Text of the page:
Bell returned to TV when he volunteered to go to Vietnam as a war correspondent. “Over there we did both radio and television.” He recalled that the ABC news people who didn’t know him previously “were surprised at how well that radio guy did in covering television. They didn’t know I had earlier TV experience.”
Steve is married to his high school sweetheart, Joyce Dillavou Bell. He took his wife and tow young daughters with him to Asia in 1970. “My family lived in Hong Kong while I reported the Vietnam War. I would get leaves to visit them, and they would come to Saigon and Phnom Penh, Cambodia, to visit me.”
Ted Koppel, who also came to TV from radio, was ABC’s Hong Kong bureau chief at the time. Bell said his daughters and the two older Koppel girls were good friends during that period and his long-time friendship with Koppel began then.
In 1970 while on assignment in Cambodia, he and his camera crew were captured by the Viet Cong and held at gunpoint but later released. Bell still managed to record the experience. He said that the toughest part of being a war correspondent was “keeping your sensitivity” and not becoming jaded to what was transpiring in the coverage.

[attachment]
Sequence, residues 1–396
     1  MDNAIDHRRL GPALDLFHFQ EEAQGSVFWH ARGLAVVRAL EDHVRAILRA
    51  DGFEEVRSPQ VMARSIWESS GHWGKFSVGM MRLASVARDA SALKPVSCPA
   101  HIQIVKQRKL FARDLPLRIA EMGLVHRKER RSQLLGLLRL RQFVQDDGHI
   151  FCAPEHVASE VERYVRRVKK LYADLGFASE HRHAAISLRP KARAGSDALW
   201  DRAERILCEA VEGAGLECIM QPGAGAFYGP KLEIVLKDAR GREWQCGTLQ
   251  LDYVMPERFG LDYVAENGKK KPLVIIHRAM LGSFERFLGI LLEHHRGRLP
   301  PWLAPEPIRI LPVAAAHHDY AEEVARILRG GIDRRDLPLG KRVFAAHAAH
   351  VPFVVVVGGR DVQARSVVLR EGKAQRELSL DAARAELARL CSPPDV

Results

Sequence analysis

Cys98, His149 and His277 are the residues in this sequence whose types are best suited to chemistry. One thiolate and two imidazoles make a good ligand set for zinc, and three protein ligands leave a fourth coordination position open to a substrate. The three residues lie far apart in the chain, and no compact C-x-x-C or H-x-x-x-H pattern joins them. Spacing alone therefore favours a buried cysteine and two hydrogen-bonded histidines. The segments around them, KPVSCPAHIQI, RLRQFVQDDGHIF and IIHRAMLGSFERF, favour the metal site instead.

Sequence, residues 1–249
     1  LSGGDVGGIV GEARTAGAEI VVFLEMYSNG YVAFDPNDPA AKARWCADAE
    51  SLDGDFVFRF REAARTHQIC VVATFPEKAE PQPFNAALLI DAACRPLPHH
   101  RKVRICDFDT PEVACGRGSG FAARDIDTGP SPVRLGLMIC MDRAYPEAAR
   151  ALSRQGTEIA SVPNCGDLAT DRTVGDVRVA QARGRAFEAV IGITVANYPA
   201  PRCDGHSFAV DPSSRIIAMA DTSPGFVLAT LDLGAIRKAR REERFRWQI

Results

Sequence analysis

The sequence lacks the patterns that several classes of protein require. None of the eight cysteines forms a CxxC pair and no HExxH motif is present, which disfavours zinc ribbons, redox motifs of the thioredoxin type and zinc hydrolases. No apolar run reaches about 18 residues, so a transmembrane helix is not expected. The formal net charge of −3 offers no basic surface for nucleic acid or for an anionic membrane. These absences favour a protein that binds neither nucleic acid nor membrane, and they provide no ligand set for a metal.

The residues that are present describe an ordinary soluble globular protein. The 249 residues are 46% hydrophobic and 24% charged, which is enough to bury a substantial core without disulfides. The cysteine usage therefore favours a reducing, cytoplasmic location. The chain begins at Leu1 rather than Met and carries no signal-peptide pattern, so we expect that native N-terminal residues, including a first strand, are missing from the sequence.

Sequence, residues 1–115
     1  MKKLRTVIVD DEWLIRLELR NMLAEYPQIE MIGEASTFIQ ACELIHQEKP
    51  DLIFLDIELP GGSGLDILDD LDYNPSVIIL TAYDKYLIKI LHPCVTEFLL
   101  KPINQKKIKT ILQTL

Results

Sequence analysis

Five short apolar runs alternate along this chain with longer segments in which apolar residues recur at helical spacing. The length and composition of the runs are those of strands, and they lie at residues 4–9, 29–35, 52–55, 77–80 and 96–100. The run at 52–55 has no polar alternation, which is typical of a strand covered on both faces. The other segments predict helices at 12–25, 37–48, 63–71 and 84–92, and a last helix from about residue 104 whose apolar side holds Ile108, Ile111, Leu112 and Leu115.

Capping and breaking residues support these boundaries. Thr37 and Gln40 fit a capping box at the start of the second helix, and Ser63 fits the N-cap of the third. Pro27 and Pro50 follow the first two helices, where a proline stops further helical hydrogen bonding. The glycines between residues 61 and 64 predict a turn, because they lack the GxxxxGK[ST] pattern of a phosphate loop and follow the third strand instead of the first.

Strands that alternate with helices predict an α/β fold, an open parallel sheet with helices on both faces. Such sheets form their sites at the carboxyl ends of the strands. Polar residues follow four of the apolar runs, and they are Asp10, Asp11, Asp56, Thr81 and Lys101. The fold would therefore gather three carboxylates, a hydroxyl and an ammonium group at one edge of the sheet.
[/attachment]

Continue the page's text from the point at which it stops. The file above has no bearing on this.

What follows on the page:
Bell returned from Asia for a year as Southern correspondent and Atlanta ABC bureau chief, covering civil rights and the George Wallace presidential campaign. In 1972, Bell returned to Asia as Hong Kong bureau chief and also reported extensively from the People’s Republic of China. Curing that period, he reported the Vietnam cease-fire, the POW release at Hanoi, the Laos war and martial law in the Philippines. In 1973, he and Koppel took a two month assignment to write and co-anchor a China documentary.
Bell was reassigned to the states as a White House correspondent in 1974 during a historic news making time in Washington – Watergate, the Nixon resignation and the Ford administration.
He joined ABC’s “Good Morning America,” program for its initial broadcast in 1975. It was then hosted by David Hartmann, with Steve Bell as the original news anchor from Washington. For 11 years, he regularly interviewed news makers and reported from the scene of major news events, including presidential elections and overseas trips of Presidents Nixon, Ford, Carter and Reagan. He also covered the historic Sadat visit to Israel.
In 1985, on the 10th anniversary of the end of the war, Steve Bell filed the first live satellite reports from Vietnam for ABC.
During President Reagan’s two inaugurations, he was emcee for the nation’s veterans organizations’ banquet-balls with recognition given to Medal of Honor recipients as special guests. At the Veterans Day Ceremonies at Arlington National Cemetery during the first Bush presidency, Bell was emcee with former President George Bush, and also with Colin Powell and Dick Cheney on two other occasions.